Fan Performance • Major j parameters p • Fan volume flow rate (m3/s or l/s), Vf • Fan F ttotal t l pressure Δp Δ tf, fan f velocity l it pressure pvf & fan static pressure Δpsf (Pa) • Fan power & efficiency • Fan power or air power (W) = Δptf x Vf • Fan power input on the fan shaft (brake horsepower), Pf • Fan total efficiency: y ηt = Δp ptf x Vf / Pf • Combined aerodynamic, volumetric & mechanical efficiencies

• Fan static efficiency: y ηs = Δp psf x Vf / Pf • Air temp. increase through fan, ΔTf = Δptf /(ρcpaηt)

Fan performance curves Total pressure Static pressure Fan total efficiency Fan static efficiency Fan power input Velocity pressure Vl Volume fl flow rate (Source: Wang, S. K., 2001. Handbook of Air Conditioning and Refrigeration)

Typical fan performance curve [Source: Kreider, K. F. (ed.), 2001. Handbook of Heating, Ventilation, and Air Conditioning, CRC Press, Boca Raton, FL.]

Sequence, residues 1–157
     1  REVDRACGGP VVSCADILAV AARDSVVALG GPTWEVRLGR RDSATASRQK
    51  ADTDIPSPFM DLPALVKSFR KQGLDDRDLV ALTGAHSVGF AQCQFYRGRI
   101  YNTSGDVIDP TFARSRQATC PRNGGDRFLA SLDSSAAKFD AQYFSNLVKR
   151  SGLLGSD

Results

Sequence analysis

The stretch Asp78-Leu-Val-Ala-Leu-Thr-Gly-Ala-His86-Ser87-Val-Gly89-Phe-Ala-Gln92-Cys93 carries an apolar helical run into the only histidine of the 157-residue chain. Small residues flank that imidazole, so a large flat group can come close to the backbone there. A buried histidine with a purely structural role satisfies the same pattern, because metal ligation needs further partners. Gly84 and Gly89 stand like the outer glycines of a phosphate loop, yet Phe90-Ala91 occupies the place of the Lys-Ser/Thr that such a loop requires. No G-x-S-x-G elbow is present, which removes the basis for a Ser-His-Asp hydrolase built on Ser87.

Fan Performance • Fan Laws • • • • •

Speed (n) Volume flow (V) Total pressure loss (Δp ) Air density (ρ) For air systems that are geometrically & dynamically similar: (D = impeller diameter)

• c.f.: p pump p laws

CENTRIFUGAL FANS

Velocity triangle at the blade inlet and outlet of a centrifugal fan (Source: Wang, S. K., 2001. Handbook of Air Conditioning and Refrigeration)

Fan Performance • Major issues causing energy losses to a centrifugal fan: • • • • •

Circulatory flow between the blades Air leakage at the inlet Friction between fluid particles and the blade Energy loss at the entrance Partially filled passage

Operating characteristics for a backward-curved centrifugal fan (Source: Wang, S. K., 2001. Handbook of Air Conditioning and Refrigeration)